Four Ways To Scale Your Advisory Practice

Meeting the needs of an expanding client base calls for greater scale so service and prospecting don't suffer.

By Alex Reffett

Most advisors would probably agree that the no. 1 opportunity for organic growth in our industry is by being referable. Giving clients an exceptional experience such that they feel inclined to share with others is the best way to achieve this, since the level of service your staff provides can often be more of a driving factor in referrals than simply performance.

Achieving growth at scale empowers owners and their advisors with more time to do what is most critical to the success of the business — such as building and strengthening client relationships, managing investments, and developing new skillsets. With the team and resources utilized appropriately, current clients’ service levels should remain unchanged (or ideally improved), while also opening up the capacity to serve a larger, more complex client base.

For advisory firms that have successfully grown their client base to a point where they need to scale accordingly, below are four key areas for consideration.


One of the biggest hinderances to growth involves advisory practices understaffing their offices. When it comes to staffing, decisions need to be made from both a qualitative and quantitative perspective. Not only is having the appropriate number of employees crucial to scaling a business (in my opinion, the most successful firms have a 2:1 ratio of support staff to advisor), but they also need to be top-tier in their ability to maintain internal workflows and thoughtfully service clients.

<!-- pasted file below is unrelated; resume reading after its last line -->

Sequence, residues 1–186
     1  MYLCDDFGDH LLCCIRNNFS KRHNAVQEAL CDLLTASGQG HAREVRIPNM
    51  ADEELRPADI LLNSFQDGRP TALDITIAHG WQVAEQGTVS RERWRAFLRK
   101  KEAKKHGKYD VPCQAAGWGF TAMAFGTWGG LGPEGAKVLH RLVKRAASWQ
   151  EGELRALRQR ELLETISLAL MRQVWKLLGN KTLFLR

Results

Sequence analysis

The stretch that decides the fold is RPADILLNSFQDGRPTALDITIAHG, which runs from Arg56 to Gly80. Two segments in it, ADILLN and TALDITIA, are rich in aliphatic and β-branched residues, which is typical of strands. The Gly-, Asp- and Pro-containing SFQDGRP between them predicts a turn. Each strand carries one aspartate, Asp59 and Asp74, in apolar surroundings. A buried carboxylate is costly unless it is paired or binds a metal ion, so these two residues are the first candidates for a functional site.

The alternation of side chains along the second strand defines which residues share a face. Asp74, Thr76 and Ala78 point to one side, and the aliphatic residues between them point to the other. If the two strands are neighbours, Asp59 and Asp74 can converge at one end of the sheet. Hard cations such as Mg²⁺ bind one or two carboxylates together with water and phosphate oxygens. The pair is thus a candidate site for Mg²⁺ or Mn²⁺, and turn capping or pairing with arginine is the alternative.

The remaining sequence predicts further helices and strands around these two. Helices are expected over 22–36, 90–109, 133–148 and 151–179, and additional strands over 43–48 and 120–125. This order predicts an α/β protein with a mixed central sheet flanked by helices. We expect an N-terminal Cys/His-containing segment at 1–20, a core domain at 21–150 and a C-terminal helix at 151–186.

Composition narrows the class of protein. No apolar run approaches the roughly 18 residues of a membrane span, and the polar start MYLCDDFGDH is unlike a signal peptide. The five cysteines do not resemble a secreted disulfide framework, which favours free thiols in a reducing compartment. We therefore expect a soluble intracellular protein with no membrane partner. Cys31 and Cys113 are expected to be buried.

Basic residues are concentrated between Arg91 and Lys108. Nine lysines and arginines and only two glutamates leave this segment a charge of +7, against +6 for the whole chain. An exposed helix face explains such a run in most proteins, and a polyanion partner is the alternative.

Of course, if you want to hire the best, you have to be competitive in your employment perks — both monetary and cultural — since expectations have shifted so dramatically over the past few years. In addition to competitive compensation, consider some of these incentives to help attract talent:

  • Sign-on and year-end bonuses.
  • Annual raises.
  • Employee and client referral programs.
  • Tuition and training reimbursement.
  • Work/life balance.
    • Remote work.
    • Flexible schedules.
    • Paid and sick time off.
    • Parental leave.

Yes, bringing on more people and offering these types of benefits will cut into your bottom line initially, but it’s necessary to invest in good people up front in order to continue to grow the business over the long term.


Advisors tend to drastically underestimate the long-term effects that smart technology-enabled workflows can have on scalability. Communications systems like landlines, cell phones, email services, intranets and customer-facing tech are all vital to daily operations, but additional innovations should be considered when attempting to scale more quickly.

Below are three key areas for tech implementation:

CRM systems

Customer relationship management (CRM) systems provide a centralized database to maintain current and prospective client data, track interactions, and help manage relationships with personal information like birthdays, anniversaries, family and hobbies. Some CRMs are built specifically for the financial industry to help streamline tasks like tracking required minimum distributions (RMDs), opening new accounts, and more. Having a single platform that keeps track of all client interactions and requests has huge organizational advantages.

Financial planning software

Financial planning software can vary in complexity, but at a minimum, platforms should have the ability to aggregate accounts from multiple custodians onto a single platform, allow you to easily review either the performance of the entire portfolio or isolate a specific account or strategy, as well as securely share information within the same platform. Additional benefits of financial planning software include reducing error rates, improving productivity, obtaining keen data insights, and improved compliance.